How Do I Go to Space? And How Much Will It Cost Me?
Believe it or not, the question isn’t as crazy as it seems. There are actually a few different options for budding space tourists—though none are easy, or cheap. Here are the ways to do it, some of them conventional, others not so much.
Get a Job on Wall Street
Becoming a 1 percenter helps a lot. In 2001, Dennis Tito became the first space tourist by buying his way onto an eight-day Russian mission to the International Space Station. Although he once worked as a scientist at NASA, his opportunity to orbit the earth didn’t come until after he used his analytical math skills to form an asset management company and became a gazillionaire. The total price tag for his adventure: $20 million. The trip was facilitated by Virginia-based Space Adventures, Ltd., which has rocketed six insanely rich others beyond the atmosphere—including a video game developer, the creator of Cirque du Soleil, and a former Microsoft executive—with the help of the Russian space program.
Virgin Galactic, the space flight company owned by Richard Branson, is taking online reservations for suborbital joyrides on its spacecraft modeled after the SpaceShipOne rocket plane that won the Ansari X Prize in 2004. The cost is $250,000, with a refundable 10 percent down payment, so you might need to up the credit limit on your Visa for this. No firm dates have been set for when flights will commence, but the company is predicting within the next year.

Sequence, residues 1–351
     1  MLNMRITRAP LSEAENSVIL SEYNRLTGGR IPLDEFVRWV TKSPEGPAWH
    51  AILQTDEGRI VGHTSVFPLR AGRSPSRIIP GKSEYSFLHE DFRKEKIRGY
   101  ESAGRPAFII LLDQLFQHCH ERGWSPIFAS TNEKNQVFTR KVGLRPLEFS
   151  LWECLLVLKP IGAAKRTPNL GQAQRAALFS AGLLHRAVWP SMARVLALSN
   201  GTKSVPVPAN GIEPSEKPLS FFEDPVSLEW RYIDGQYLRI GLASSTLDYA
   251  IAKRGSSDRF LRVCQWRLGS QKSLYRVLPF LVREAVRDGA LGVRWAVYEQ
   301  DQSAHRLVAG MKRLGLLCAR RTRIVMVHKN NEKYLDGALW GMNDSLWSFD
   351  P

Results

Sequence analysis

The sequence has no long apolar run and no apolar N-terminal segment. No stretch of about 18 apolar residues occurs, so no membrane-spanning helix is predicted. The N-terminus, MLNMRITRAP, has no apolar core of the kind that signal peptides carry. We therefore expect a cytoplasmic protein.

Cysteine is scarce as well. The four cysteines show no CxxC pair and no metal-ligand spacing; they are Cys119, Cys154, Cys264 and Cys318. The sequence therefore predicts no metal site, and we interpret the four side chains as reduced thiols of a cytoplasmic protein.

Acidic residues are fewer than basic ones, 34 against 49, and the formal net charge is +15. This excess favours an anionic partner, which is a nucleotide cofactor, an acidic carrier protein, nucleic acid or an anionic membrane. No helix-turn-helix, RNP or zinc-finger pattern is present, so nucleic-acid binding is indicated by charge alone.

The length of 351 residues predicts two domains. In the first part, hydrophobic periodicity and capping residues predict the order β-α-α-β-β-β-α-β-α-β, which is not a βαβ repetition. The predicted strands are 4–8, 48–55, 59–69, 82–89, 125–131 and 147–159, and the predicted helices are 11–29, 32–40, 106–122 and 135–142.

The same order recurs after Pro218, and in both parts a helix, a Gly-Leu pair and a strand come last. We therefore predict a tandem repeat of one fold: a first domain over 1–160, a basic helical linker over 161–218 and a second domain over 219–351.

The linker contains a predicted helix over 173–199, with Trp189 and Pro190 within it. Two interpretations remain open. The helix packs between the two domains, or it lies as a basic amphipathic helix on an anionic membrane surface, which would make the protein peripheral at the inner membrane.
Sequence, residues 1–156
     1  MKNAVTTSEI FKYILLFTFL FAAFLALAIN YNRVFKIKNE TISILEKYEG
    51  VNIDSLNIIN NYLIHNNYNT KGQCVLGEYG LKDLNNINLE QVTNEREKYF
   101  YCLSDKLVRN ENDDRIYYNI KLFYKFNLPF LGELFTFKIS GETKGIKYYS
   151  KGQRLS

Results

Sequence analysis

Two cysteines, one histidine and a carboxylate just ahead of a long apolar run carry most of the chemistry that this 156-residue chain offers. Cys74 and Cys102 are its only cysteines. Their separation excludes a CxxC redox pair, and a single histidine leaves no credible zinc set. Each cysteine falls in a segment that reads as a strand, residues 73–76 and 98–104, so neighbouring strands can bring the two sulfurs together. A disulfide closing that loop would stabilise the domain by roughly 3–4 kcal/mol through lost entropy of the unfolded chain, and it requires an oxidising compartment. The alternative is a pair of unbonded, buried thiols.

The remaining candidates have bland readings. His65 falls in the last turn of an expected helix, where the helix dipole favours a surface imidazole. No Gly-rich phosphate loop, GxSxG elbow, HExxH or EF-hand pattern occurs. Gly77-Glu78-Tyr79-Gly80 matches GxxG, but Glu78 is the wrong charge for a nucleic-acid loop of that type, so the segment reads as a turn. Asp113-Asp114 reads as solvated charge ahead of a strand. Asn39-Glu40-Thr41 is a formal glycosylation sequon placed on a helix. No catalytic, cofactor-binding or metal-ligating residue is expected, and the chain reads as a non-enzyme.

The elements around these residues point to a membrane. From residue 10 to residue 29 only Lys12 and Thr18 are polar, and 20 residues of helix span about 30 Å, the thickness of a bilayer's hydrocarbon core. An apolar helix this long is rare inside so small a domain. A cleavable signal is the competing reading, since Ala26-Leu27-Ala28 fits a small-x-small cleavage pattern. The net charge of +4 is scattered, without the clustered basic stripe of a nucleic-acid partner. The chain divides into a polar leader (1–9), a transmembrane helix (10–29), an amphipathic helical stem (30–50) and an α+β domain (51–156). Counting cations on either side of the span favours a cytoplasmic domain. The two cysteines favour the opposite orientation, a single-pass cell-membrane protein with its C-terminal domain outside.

Be Like Bieber
Former 'N Sync singer Lance Bass was the first boy pop star to make a serious go at flying into space as a paying tourist. He entered cosmonaut training in 2002 as part of a TV documentary, but his producers ultimately couldn’t raise the $20 million fare from sponsors, so he was removed from the mission. Not to be outdone, Justin Bieber reportedly booked a reservation for a flight on Virgin Galactic. To announce that he’ll be boldly going where not even his speeding Lamborghini could take him, he tweeted, “Let’s shoot a music video in SPACE!!”
You could always become a real astronaut, if you meet NASA's requirements. Be forewarned: Just to qualify to apply, you need to log 1,000 hours of pilot-in-command time in a jet aircraft, have a science or math degree, and be really physically fit. Good luck.
Take a Balloon Ride
Arizona-based adventure company World View claims that it will be offering balloon rides to the edge of the atmosphere—more than 100,000 feet above the earth—beginning in 2016. The director of crew operations is retired astronaut and former Space Shuttle commander Mark Kelly. Cost for a seat will be $75,000, and you can reserve one now with a $5,000 deposit.